Exercising your body as you age comes with many benefits, such as helping with preventing heart disease and decreasing risk for falls, back pain, and strokes – among many other benefits. Just as there are advantages to exercising your body as you age, exercising your brain is also proven to benefit you, according to brain research.
The Brain Can Adapt
The good news is that the brain of an older person can still effectively function like a brain that is 10 younger. Older brains can create new neural connections if the opportunity is given. Evidence suggests that stimulating cognitive challenges can actually sharpen your brain and make it act and feel younger.
Growing older doesn’t mean that your mental abilities have to be reduced. You can do a lot to keep your mind alert and sharp. Many researchers believe that a lot of the alleged age-related changes that affect one’s mind are lifestyle related. Just as your muscles become weaker over time if you don’t exercise them, so does the brain.
People can be more productive, happier and healthier overall by taking care of themselves. Here you can learn more about how you can increase your brain fitness level to keep it healthy while aging.
Age-Related Changes in the brain
There is a close connection between the body and the brain. Any degeneration found in the brain not only impacts a person’s cognitive function but also can play a part in a person’s personality, weight, mood, appetite and blood pressure.
One large scale study, organized by the University of Exeter, shows that stimulating the brain can help people to stay mentally fit later in life. The investigation examined data of over 2,000 mentally fit people who were over the age of 65. They looked at the theory that life experiences in early or mid-life that challenge the brain make people less likely to experience age- or illness-related changes and that their cognitive reserve is higher.
People can take action to reduce the chances of mental decline, taking control of their mental health by way of healthy living in combination with activities that are mentally stimulating. Engaging in stimulating activity that stretches the brain while challenging it to use various strategies that exercise multiple networks has been proven to develop higher cognitive reserve. This creates a buffer within the brain that makes the brain more resilient. Signs of decline, including dementia and other illnesses, are more evident when this buffer is not present.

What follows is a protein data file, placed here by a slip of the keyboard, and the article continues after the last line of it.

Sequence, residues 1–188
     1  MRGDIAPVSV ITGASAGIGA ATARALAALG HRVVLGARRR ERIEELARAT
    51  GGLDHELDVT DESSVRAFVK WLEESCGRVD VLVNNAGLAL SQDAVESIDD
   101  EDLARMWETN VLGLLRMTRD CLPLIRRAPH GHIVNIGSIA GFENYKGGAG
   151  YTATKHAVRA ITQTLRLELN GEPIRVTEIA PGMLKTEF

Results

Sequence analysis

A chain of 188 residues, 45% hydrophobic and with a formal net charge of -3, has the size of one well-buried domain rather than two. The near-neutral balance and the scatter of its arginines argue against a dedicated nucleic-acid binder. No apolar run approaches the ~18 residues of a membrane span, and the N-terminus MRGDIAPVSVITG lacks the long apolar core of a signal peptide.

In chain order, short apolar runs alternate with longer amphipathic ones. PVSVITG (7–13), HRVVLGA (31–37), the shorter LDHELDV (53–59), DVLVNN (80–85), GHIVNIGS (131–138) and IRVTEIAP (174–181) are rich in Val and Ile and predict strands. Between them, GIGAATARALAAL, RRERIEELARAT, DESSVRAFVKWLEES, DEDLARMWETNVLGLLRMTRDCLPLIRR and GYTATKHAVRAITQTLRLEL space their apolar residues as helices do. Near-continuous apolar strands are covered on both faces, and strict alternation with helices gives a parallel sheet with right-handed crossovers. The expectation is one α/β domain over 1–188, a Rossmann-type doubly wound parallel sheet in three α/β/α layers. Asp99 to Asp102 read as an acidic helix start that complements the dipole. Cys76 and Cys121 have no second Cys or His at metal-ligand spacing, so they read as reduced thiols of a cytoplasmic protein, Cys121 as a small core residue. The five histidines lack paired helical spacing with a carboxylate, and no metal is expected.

How You Can Improve Your Mental Fitness
According to researchers at Sanford University in the US, memory loss can be improved by up to 50 percent merely by doing mental exercises. Here are some ways you can keep your brain fit while aging:
– Read a lot – soak up books, newspapers and magazines regularly.
– Take a course on a subject that is interesting to you.
– Find a new hobby.
– Learn a new language.
– Play thinking games, such as Trivial Pursuit, Scrabble, card games, etc.
– Do word games and crossword puzzles.
– Keep stress under control with mindful meditation and relaxation. An excess of cortisol (a stress hormone) can adversely affect neurons.
– Play games that challenge memory and intellect, such as chess.
– Get plenty of sleep.
– Have good social connections.
– Eat a balanced diet that is low in saturated fats and transaturated fats.
– Exercise regularly.
– Don’t smoke.
– Limit alcoholic drinks to one a day or less.
– Repeat what you know. If you have just heard, thought about or read something, write it down or repeat it out loud. This helps to reinforce connections and memory.
The latest research, including the publications by Dr. Fotuhi, show that we can indeed grow our brain to make it sharper and younger. To learn more about how you can improve mental fitness, check out Dr. Fotuhi’s Brain Fitness Program at NeuroGrow.com
This blog was written by Mrs. Courtney Cosby and edited by Dr. Majid Fotuhi.